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Lanchester, County Durham

From Wikipedia, the free encyclopedia

Lanchester
Lanchester is located in County Durham
Lanchester
Lanchester
Location within County Durham
Population4,054 (2011)
OS grid referenceNZ165475
Unitary authority
Ceremonial county
Region
CountryEngland
Sovereign stateUnited Kingdom
Post townDURHAM
Postcode districtDH7
Dialling code01207
PoliceDurham
FireCounty Durham and Darlington
AmbulanceNorth East
UK Parliament
List of places
UK
England
County Durham
54°49′19″N 1°44′38″W / 54.822°N 1.744°W / 54.822; -1.744

Lanchester is a village and civil parish in County Durham, England, 8 miles (13 km) west of Durham and 5 miles (8 km) from the former steel town of Consett. It had a population at the 2011 Census of 4,054.[1]

Although there was a small drift mine on the edge of the village which closed in the 1970s, Lanchester's economy was mainly based on agriculture. It is now a residential village in which a number of housing estates have been developed since the late 1960s.

History

The earliest occupation on the site is the Roman auxiliary fort located just southwest of Lanchester (grid reference NZ159469. Longovicium lay on the Roman road leading north from Eboracum (York), known as Dere Street. It is situated between the forts of Vindomora (Ebchester) and Vinovia (Binchester). The fort dates to AD 140,[2] covers almost 6 acres (2.4 ha),[2] and housed around 1,000-foot soldiers and cavalry. The fort foundations are well preserved, but there has only been minor excavation work carried out in 1937.

Stone from the fort was used in the construction of All Saints' Church, which has a Roman altar in its porch. It is one of many altars found in or near the fort, and was found in 1893.[3]

Andrew Breeze has argued that the Battle of Brunanburh took place at the Roman fort of Longovicium. He interprets Brunanburh as meaning 'stronghold of the River Browney.'[4]

Governance

An electoral ward in the same name exists. The population of this ward taken at the 2011 Census was 7,446.[5]

Education

The schools at Lanchester include St Bede's Catholic School and Sixth Form College. There are also two primary schools: Lanchester All Saints' RC Primary School and Lanchester Endowed Parochial (E.P) This latter has since moved about 50 yards (46 m) to new premises and the old school is now the village hall. The school has a nursery, an infants department and a juniors department.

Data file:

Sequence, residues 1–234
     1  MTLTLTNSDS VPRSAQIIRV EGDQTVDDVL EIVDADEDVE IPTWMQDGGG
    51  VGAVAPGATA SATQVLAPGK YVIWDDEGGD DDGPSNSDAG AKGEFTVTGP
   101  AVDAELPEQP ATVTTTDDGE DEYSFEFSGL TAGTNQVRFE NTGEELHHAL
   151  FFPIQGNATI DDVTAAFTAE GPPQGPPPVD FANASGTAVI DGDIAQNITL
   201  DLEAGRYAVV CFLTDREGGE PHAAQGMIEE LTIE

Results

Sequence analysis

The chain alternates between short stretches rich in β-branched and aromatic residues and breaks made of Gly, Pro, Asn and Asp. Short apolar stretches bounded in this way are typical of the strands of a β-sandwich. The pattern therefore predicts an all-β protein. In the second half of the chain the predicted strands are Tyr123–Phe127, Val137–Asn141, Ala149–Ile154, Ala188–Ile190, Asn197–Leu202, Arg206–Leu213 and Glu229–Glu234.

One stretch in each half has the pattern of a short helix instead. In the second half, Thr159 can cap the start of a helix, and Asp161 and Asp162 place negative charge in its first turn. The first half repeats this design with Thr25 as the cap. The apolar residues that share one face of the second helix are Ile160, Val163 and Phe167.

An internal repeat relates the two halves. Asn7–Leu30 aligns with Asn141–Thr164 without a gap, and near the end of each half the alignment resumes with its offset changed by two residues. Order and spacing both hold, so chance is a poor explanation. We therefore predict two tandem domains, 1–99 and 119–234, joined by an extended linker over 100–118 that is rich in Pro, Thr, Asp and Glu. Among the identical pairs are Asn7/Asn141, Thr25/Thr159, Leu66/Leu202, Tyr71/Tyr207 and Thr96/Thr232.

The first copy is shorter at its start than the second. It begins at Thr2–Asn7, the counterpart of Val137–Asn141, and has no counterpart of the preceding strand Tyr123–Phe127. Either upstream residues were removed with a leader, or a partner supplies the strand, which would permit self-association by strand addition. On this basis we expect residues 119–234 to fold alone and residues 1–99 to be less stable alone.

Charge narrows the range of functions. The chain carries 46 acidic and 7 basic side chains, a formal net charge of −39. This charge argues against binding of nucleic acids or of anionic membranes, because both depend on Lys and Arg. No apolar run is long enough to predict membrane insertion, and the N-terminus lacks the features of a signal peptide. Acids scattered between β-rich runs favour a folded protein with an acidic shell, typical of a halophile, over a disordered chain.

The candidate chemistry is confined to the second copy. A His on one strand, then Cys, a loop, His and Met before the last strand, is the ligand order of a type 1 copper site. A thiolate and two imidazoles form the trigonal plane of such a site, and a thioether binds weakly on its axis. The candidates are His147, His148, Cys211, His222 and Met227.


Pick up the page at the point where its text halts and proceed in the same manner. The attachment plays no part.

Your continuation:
Religious sites

All Saints Parish church

All Saints Church, Lanchester
All Saints Church, Lanchester

The main Parish church is now known as All Saints but was once called St. Mary the Virgin.[6] The original building dates from the mid 12th Century but was extended in 1284 by Antony Bek, the bishop of Durham. The tower dates from c.1430.[6] Features of interest include the Norman chancel arch, the monolithic columns of the nave (presumably from the Lanchester Roman station) and a Roman altar in the porch.[7]

College of Lanchester

The parish of Lanchester was originally very large, covering sixty-eight miles².[6] To profit from this Anthony Bek created a Deanery and College of Canons at the church in 1284 and extended it to accommodate the increased numbers of clergy.[6] The college consisted of a Dean and seven Prebendarys who each held a share in the church's revenues.[6] Bek created a set of statutes and ordinances for the College which were confirmed by Edward I in 1293.[8] The church supplemented its income by monopolising the sale of religious items such as holy water to the surrounding villages.[8]

By the 15th century, the college was falling out of use and the church fell into a poor state of repair with "gaping ruins" in the church, Deanery and the canons' houses.[6] By the time Henry VIII dissolved the monasteries the College and Deanery were abolished and the church returned to perpetual curacy.[6]

Other churches

Methodist Church, Lanchester
Methodist Church, Lanchester

The other churches within Lanchester are the All Saints' Catholic church and the Methodist Church which is centred in the heart of the village.

Notable residents

References

  1. ^ "Parish population 2011". Retrieved 2 July 2015.
  2. ^ a b Graham, Frank (1979). Roman Durham. Newcastle upon Tyne: Frank Graham. p. 17. ISBN 0-85983-155-8.
  3. ^ Roman Inscriptions of Britain – the Northern Borders (Lanchester) Archived 16 June 2010 at the Wayback Machine
  4. ^ Breeze, Andrew (4 December 2014). "Brunanburh in 937: Bromborough or Lanchester?". Society of Antiquaries of London: Ordinary Meeting of Fellows. Retrieved 4 April 2015.
  5. ^ "Ward population 2011". Retrieved 13 July 2015.
  6. ^ a b c d e f g Gibby, Clifford (1965), Lanchester Parish Church, Gloucester: British Publishing Company
  7. ^ Betjeman, John, ed. (1968) Collins Pocket Guide to English Parish Churches; the North. London: Collins; p. 131
  8. ^ a b The History and Antiquities of the County Palatine of Durham, II, London: Nichols and Son, 1820
  9. ^ Sir Bernard Burke (1871). A genealogical and heraldic dictionary of the landed gentry of Great Britain & Ireland. Volume 1 (5th ed.). Harrison. p. 543.

External links

This page was last edited on 11 February 2021, at 11:12
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